In human body, nanorobot-like red blood cells get exposed to human body fluids and many physico-chemical changes inside while these nanorobots (fullerene structure coated hemoglobin embedded iron inorganic elements) remain safe and perform killer action against bacteria or virus. We propose this killer action as ‘nanorobot driven nanomedical treatment’ to combat a bacterial or viral infection. The red cells also act as imaging agent due to oxygen binding character. Our experiments were focused on the application of nanorobot (red cells) to make them immune resistant against viruses and making them as useful contrast agents in magnetic resonance imaging use based on their behavior in nanomagnetic fields. It consists of an injection of perhaps a few cubic centimeters of nano-sized nanorobots suspended in specific pH fluid (probably a water/saline suspension). The typical therapeutic concentration was up to 1-10 trillion (1 trillion = 1012) individual nanorobots, although in some cases treatment only require a few million or a few billion individual nanodevice-like red cells to be injected. Each nanorobot cell was on the order of perhaps 0.2 micron up to perhaps 0.3 microns in diameter e.g. artificial mechanical red cell floating along in the bloodstream. Nanorobots intended to travel through the bloodstream to their target will probably be 500-3000 nanometers. New technology of ‘passive diamond exteriors’ may turn out to be ideal to make immunoresistant nanorobot red cells against opsonization. Since nanorobot red cells metabolize local glucose and oxygen for energy, they are potential contrast agents for 13C-MRI, ultrasound imaging and fMRI. We believe the near possibility of travelling nanorobot carrier cells holding nanocomputer CPU working at the rate of 10 teraflops (1013 floating-point operations per second) as nanomedicine robot devices. Nanorobot red cells in medical applications may be used in the form of red cells coated with diamond or diamondoid/fullerene nanocomposites in presence of inorganic elements like hydrogen, sulfur, oxygen, nitrogen, fluorine, silicon etc. for special purpose in nanoscale gears.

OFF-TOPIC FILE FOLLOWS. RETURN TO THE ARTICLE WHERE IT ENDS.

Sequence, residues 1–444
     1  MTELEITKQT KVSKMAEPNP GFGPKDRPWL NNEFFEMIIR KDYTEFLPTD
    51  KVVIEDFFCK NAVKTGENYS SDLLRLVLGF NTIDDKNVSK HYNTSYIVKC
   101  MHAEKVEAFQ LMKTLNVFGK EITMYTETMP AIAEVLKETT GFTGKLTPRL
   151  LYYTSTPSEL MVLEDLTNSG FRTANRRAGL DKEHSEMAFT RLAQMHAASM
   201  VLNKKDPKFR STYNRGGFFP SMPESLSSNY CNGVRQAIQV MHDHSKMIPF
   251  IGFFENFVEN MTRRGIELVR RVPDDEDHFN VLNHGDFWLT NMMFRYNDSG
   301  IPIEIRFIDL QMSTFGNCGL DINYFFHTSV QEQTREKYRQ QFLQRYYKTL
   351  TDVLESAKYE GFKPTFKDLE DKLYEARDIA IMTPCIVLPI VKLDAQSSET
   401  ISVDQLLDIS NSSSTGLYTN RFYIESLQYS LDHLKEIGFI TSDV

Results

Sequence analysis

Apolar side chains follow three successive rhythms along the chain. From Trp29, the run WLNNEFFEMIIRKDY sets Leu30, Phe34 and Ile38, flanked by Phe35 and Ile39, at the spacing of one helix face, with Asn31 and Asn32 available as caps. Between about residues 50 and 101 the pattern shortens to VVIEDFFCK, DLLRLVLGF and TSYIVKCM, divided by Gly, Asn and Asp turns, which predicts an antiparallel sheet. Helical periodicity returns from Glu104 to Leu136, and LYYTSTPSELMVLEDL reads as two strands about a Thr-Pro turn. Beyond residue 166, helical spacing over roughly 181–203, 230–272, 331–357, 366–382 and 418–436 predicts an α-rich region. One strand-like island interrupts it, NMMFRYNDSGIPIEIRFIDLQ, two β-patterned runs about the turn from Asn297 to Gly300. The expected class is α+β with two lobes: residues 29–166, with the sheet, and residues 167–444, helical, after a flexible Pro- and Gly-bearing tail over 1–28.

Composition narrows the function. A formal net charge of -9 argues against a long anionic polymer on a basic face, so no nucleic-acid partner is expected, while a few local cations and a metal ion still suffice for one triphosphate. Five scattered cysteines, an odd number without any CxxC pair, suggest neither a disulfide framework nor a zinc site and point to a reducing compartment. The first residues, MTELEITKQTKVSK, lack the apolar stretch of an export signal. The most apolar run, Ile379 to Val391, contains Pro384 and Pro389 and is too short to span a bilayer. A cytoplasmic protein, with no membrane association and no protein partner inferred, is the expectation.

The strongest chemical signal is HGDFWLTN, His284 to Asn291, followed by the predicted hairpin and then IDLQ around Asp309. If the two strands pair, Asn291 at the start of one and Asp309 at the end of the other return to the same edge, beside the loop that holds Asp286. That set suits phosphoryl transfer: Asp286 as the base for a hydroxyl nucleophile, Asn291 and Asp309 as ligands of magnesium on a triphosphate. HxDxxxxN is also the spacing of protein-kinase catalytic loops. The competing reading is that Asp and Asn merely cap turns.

Journal: TechConnect Briefs
Volume: 3, Nanotechnology 2010: Bio Sensors, Instruments, Medical, Environment and Energy
Published: June 21, 2010
Pages: 149 - 152
Industry sectors: Medical & Biotech | Sensors, MEMS, Electronics
Topicss: Chemical, Physical & Bio-Sensors, Diagnostics & Bioimaging